The urban experience is an experiment in assimilating a set of individuals into a very large community. It is a balancing act of the sense of self, separated and unique, with the sense of being a part of a larger group. Successful as it may seem it leaves out a crucial need, a human one that is etched into our DNA. The need to truly belong.
What’s In A Tribe
A tribe is first and foremost an extension of family. A family, regardless of its ever changing shape and form, provides (or should I say should provide) ones’ most basic needs. Nutrition, Security, and a sense of companionship. We are social creatures shaped by evolution. Cooperation is not a choice, it is a survival strategy, and a winning one (look at how successful we have become).
But tribes go further than that.
Imagine you shop a a local grocery store. It is either the only or one of the few stores in the tribe’s area. Both you and the grocer know that you will do business again, therefor it is in your mutual interest to conduct your affairs fairly. No other strategy allows the grocer to keep selling produce, nor you to get service from him. You simply cannot afford not to cooperate. Thus, trust is built. And trust begets security.
This simple example extends beyond commercial relationships. Once you are a member of a limited(-small)-sized social structure, usually in a geographically segregated area, your social strategies adapt, then become values, then culture. Your culture.
The tribal sphere creates its set of rules, internal law and order. Conflict mitigation becomes part of the “services” provided to you as it naturally evolves in order to keep the tribe cohesive. Mutual dependency acquiring crucial resources forces the community members to devise way of fairly dividing labor, minimizing the free rider problem. As the community is small enough the individual abilities are factored in allowing each to serve a role to whom she or he best fits. Common rituals are invented and conducted to enhance the sense of togetherness, which is simply another way of keeping the tribe united following common goals.
And lets not forget empathy.
Tribe scenarios, being tightly coupled, both encourage and even force empathy. You will meet your tribes people on a daily basis, you cannot avoid interacting with them in the physical world, nor can you shun away from the mutual activities and rituals built into your local culture. In other words, you need to look them in the eye.
This may seem trivial at first, however social neuroscience researchers have thoroughly studied and affirmed that empathy works at eye-distance. That humans’, as well as animals’ mirror neurons allow us to guess, and feel, what the other is feeling (if you want to extend on that I suggest reading this excellent paper).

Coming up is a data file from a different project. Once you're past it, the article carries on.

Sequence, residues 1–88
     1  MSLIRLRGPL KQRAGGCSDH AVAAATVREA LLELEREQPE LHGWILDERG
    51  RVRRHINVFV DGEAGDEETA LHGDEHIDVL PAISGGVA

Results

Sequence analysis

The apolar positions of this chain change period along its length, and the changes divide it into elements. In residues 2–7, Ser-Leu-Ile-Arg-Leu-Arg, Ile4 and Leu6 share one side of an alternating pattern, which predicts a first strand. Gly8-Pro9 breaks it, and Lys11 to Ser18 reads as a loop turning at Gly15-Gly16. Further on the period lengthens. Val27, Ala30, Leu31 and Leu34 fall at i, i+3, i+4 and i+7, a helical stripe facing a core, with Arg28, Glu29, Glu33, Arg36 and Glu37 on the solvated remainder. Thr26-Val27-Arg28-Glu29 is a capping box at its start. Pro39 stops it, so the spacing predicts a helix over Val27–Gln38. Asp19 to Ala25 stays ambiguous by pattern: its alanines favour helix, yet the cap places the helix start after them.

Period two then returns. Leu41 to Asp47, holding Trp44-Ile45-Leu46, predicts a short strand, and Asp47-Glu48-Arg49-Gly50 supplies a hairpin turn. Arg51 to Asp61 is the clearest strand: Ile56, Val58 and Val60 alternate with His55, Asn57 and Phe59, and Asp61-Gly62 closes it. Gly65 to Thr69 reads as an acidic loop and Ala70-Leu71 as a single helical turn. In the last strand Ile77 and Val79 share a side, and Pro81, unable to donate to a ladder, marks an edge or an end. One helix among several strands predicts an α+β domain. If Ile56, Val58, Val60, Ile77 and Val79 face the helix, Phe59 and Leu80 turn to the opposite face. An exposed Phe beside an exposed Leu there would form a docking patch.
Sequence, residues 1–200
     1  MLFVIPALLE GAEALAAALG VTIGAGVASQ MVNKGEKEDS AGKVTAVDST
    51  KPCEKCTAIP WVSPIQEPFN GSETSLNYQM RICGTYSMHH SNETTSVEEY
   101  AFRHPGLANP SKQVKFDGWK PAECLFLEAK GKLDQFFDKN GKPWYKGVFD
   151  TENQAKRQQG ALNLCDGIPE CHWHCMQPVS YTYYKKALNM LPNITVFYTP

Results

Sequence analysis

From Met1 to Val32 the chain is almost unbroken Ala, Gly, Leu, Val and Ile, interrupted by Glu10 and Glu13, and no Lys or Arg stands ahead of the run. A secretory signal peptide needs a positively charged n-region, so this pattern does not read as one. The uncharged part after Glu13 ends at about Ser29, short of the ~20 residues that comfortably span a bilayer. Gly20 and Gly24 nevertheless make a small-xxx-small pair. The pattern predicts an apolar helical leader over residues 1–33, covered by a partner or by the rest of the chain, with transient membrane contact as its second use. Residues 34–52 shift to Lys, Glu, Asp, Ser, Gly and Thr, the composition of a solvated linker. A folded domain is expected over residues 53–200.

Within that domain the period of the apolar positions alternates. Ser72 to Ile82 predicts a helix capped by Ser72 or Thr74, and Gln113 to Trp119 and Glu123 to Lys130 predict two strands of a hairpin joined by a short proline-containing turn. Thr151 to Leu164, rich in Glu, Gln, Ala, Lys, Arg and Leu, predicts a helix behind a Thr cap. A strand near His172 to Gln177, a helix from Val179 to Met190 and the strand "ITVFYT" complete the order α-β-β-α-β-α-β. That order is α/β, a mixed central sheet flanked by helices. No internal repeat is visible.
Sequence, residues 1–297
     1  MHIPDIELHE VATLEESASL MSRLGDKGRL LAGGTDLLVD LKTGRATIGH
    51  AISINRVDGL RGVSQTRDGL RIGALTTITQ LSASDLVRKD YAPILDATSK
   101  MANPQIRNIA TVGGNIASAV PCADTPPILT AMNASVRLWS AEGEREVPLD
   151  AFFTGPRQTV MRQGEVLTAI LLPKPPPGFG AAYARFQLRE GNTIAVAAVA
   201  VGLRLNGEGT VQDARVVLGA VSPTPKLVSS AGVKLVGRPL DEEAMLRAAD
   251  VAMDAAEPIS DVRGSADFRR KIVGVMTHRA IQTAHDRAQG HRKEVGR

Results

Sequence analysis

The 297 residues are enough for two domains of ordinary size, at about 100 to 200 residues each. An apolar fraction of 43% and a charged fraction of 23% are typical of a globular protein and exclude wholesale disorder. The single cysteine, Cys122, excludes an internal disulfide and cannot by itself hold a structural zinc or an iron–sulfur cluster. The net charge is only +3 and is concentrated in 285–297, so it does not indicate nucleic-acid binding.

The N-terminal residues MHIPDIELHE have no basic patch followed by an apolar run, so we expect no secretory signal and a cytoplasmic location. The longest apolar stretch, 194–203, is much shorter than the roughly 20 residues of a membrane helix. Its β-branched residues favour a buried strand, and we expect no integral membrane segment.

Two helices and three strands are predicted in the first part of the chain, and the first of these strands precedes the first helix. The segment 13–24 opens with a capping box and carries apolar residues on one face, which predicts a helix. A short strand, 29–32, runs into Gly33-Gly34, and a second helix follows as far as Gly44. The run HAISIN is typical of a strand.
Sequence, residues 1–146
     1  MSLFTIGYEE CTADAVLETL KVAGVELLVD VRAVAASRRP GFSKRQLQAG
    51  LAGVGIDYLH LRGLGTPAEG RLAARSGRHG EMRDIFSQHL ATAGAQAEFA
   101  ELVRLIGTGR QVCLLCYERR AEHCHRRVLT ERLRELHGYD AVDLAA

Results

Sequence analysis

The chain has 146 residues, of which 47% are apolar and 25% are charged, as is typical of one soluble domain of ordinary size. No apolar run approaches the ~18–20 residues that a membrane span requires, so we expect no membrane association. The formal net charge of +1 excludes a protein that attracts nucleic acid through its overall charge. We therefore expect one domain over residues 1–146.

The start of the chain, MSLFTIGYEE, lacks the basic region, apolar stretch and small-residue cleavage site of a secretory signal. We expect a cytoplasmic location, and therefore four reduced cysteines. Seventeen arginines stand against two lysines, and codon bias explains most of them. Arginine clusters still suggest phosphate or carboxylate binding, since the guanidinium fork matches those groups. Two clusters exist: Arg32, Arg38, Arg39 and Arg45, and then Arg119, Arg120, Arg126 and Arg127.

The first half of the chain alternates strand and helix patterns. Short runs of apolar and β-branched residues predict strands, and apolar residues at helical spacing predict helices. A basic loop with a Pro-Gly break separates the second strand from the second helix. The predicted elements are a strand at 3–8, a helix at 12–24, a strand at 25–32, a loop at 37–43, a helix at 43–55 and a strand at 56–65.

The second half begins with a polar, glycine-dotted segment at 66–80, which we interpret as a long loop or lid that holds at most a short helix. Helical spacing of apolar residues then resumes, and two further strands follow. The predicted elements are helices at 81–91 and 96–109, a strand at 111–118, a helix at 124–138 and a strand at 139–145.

It is much harder to hate someone when you meet them face to face. You are less likely to be in an vehement escalating conflict with those you personally know and interact with at an eye’s distance.
The tribal format has not escaped the business sector.
WeWork and its like have built an extremely successful business catering to the fundamental human tribal nature. You don’t really need to pay for a space on WeWork, you could work at home in perfect solitude, but still one does.
Because you need to. Socializing, feeling a part-of some group however distant and loose, is hardwired into our nature. You could work alone, but you’ll never have those corridor talks, or the occasional coffee and good company to hang out with. Those are not indulgent cravings, rather mandatory requirements that must be met to keep you in good mental and physical health. Humans must interact, otherwise prisons would not be as effective as they are.
But WeWork is not alone. Large companies, especially in the high technology areas, tend to use the tribe metaphor to keep employees at bay. Such companies often refer to the hired help as family, however they would quickly dispose of an employee whenever need arises.
“Family companies” adopted a single-sided exploitative model (lets call it the quasi-tribe model), where the worker, being a family member, has to carry out all family obligations amongst which, and most importantly, lies loyalty.
Employees leaving the company for better pay are considered traitors within the company culture, treated accordingly. It is not uncommon for managers in such companies to respond angrily when an employee gives his notice, even less uncommon to provoke the same anger and cold shouldering by his recent peers.
It is not surprising then that the so called Y and Z generations (millennials and post-millennials) are often lamented by such companies as disloyal self-serving individuals that put their own interest before that of the company. Truth of the matter is that those companies simply cannot handle the fact that the show is over, that those Y/Z-Gens have seen through their act and are not willing to put up with the quasi-tribe family model anymore. Sadly, in doing so, they unwittingly adopted the same model they shunned away from.
Gladly, those are not the only manifestations of modern tribes.
Recent years have seen new (old) trends trying to reinvent the tribal model. From small community projects in highly populated urban areas (e.g. communal gardens), via cohousing projects, to creating local currencies.
What all of those have in common is the underlying desire to bring back the positive sides of tribal structures, adapting them into the 21st century.